Beirut: The Islamic State militants may have destroyed a temple at the ancient ruins of Palmyra in Syria, according to a report in Times of India.
On last Tuesday, IS had beheaded Khaled al-Asaad, the Palmyra scholar and had hanged his body from a pole.
There are conflicting accounts regarding when this destruction of the Palmyra temple was carried out. The Britain-based Syrian Observatory for Human Rights believed that the temple was destroyed a month ago. On the other hand, Osama al-Khatib, an activist based in Turkey believed that the temple was destroyed on Sunday.
The famed Palmyra columns are believed to have been damaged as well during the blast at the temple.
The United Nations is demanding an immediate end to indiscriminate attacks against civilians and civilian infrastructure in northwest Syria, warning the warring parties their actions might amount to war crimes.
U.N. agencies say an intense military escalation by Russian-backed Syrian forces and armed rebels in northwest Syria is having a catastrophic impact on the civilian population. Agencies confirm at least 160 civilians have been killed and hundreds more wounded in fighting over recent weeks.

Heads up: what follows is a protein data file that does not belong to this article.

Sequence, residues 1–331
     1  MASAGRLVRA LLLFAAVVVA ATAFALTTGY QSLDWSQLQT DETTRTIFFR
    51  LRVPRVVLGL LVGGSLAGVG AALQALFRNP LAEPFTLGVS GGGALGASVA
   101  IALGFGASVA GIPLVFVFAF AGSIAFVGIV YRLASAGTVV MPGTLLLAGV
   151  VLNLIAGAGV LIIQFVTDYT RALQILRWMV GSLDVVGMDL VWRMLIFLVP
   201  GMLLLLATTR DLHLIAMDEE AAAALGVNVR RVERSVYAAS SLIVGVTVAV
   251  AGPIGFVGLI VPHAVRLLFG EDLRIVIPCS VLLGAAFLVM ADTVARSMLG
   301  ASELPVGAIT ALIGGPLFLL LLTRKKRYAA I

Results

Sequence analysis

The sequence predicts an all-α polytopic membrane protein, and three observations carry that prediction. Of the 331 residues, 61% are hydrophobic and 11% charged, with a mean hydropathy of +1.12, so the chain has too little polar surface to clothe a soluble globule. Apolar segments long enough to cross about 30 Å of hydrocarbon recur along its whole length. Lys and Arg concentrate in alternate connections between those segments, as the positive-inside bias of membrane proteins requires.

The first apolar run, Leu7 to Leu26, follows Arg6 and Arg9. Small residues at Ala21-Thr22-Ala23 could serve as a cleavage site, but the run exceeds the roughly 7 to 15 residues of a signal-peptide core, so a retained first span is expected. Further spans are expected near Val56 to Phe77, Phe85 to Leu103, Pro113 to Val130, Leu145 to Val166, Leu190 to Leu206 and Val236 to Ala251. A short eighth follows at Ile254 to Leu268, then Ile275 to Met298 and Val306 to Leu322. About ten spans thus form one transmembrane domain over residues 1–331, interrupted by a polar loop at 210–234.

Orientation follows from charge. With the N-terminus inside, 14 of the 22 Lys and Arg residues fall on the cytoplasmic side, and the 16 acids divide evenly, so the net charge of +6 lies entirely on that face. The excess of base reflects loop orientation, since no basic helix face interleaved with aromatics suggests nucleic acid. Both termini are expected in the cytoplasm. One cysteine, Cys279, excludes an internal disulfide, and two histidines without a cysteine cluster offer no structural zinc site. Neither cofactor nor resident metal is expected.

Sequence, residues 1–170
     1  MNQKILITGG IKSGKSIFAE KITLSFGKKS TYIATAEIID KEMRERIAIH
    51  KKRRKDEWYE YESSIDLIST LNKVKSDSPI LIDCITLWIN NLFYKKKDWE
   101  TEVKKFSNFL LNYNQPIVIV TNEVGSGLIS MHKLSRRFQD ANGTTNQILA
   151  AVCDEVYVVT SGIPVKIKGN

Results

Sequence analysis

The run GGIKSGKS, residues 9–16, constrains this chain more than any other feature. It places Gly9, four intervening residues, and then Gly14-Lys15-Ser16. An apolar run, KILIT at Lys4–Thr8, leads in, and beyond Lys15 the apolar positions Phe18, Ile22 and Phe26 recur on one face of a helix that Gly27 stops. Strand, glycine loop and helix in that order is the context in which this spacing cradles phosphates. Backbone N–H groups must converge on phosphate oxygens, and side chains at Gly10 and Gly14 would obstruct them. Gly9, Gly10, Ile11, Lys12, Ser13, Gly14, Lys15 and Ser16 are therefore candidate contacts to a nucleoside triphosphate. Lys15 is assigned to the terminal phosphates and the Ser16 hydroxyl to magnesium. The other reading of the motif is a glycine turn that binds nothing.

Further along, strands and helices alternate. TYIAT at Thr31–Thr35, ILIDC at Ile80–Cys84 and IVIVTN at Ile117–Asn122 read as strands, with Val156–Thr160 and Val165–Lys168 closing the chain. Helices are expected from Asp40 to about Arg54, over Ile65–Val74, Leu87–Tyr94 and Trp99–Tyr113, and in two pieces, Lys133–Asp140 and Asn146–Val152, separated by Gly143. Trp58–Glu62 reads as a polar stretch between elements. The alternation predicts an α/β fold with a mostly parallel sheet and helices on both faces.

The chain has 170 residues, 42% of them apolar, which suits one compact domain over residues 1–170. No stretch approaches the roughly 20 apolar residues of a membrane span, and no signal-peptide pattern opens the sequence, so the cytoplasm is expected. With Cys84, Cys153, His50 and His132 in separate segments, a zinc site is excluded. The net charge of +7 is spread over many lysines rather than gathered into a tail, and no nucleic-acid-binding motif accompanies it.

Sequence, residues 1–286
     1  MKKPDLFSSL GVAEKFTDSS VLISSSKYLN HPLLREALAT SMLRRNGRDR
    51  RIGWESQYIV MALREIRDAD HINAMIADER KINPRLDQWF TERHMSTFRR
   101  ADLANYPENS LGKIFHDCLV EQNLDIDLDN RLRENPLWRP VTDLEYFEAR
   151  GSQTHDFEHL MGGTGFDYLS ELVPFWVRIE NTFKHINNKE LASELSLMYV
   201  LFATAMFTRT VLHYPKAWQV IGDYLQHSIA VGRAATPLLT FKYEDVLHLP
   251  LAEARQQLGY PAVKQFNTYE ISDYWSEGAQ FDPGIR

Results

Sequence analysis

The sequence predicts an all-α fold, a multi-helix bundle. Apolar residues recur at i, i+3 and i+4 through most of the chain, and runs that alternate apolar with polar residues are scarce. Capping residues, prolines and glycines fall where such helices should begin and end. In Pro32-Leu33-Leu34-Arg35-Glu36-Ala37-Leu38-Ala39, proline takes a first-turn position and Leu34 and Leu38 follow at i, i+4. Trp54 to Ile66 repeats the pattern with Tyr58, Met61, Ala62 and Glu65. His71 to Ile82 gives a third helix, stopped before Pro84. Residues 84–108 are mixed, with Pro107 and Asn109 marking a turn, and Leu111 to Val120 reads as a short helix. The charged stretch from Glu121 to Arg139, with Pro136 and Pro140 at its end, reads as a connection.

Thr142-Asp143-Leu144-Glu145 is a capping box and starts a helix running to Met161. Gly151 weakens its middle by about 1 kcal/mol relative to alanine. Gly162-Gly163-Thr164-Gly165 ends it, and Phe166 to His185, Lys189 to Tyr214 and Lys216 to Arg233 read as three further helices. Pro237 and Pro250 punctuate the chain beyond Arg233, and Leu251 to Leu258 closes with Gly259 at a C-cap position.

They say 3 million people in Idlib need protection and 300,000 civilians who have fled their homes in the past two months are in imminent danger.
Spokesman for the U.N. Office for the Coordination of Humanitarian Affairs Jens Laerke says civilians and civilian infrastructure are coming under daily attack by airstrikes, artillery shelling and barrel bombs.
“Since the 28th of April, there have been 25 confirmed attacks on health care in the northwest, including on 24 health facilities and one ambulance,” he said. “Two of the attacked health facilities were hit more than once, and at least six health workers have been killed.”
Laerke says health care facilities are fully protected under international humanitarian law, and it is illegal to target them. Few health facilities remain intact to care for the sick and wounded, he told VOA.
“Already before the recent months of escalation, the status of health care in Syria at large, and in particular in Idlib, was already appalling,” he said. “Even though those facilities have not been hit, they fear that they may be hit. So, the doctors, the health care personnel are leaving, the patients are not going to those hospitals. Understandably.”
Laerke says aid agencies are providing food and health services through mobile clinics to people who are newly displaced in northwest Syria. In addition, many schools in the region have been attacked, he says, so catch-up classes are being provided for thousands of children who have been out of school since May. (VOA)